So the decision to go for a 100% bimodal fleet was not based on its much vaunted operational flexibility – which appears to have been a secondary consideration – but was motivated instead by the short term need to get the DfT off the funding hook by avoiding astronomical leasing charges. Assuming that electrification to Bristol and the other deferred sections takes place during CP6 (2019-24), the GW franchise holder will eventually end up with more bimodal stock than it needs and with trains that are unsuitable.
They will cost more to run and maintain than pure electric stock, but conversion from bimodal to electric – as hinted at in the report – would also entail a hefty cost penalty.
Is this the way to run a railway?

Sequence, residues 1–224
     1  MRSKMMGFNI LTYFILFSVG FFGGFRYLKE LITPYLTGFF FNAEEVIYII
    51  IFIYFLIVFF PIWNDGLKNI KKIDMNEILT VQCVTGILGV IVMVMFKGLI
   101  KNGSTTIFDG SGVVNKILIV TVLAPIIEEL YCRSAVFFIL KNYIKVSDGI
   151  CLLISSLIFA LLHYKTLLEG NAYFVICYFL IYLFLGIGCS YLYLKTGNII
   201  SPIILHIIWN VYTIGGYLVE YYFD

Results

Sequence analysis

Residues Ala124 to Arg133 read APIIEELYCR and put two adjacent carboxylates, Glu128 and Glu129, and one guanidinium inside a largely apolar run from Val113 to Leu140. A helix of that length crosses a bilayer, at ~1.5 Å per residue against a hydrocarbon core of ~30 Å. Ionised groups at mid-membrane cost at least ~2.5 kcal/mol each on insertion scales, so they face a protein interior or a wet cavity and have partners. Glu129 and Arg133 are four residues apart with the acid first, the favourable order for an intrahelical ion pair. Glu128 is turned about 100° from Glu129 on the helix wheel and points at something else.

This kind of situation would not have happened in the old pre-fragmented order; then a premature rolling stock delivery would have lost revenue but it could have been stored without incurring costly leasing and stabling charges.
The case for bimodal traction is gaining ground at the moment as it is seen as a cheaper option to extending existing electrified lines. This appears to have happened already. Following the recent Hull Trains order for bimodal trains, electrification to that city now looks highly improbable.
But is the DfT placing too much faith in bi-modal trains? Electro-diesel traction has been used in the UK before but on nothing like the scale currently contemplated. Have all the technical issues associated with been fully resolved? Is long term electrification of the network being jeopardised by the apparent appeal of this short term expedient?
If bimodal trains fail to live up to expectations they might turn out to be more expensive in the long run than the ‘proper’ electric trains they are expected to replace – and not just on the GW but elsewhere as well.